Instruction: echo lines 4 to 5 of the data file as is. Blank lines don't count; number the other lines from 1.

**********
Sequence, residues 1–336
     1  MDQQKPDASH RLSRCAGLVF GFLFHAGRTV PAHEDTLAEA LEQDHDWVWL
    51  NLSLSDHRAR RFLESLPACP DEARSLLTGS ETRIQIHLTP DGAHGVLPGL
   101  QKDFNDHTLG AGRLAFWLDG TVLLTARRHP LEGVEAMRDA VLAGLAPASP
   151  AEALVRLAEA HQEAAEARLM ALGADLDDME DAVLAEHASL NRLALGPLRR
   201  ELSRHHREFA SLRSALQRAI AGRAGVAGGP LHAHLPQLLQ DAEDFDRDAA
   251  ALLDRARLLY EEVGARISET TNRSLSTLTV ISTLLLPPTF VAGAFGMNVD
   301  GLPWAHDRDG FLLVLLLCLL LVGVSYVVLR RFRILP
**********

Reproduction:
   101  QKDFNDHTLG AGRLAFWLDG TVLLTARRHP LEGVEAMRDA VLAGLAPASP
   151  AEALVRLAEA HQEAAEARLM ALGADLDDME DAVLAEHASL NRLALGPLRR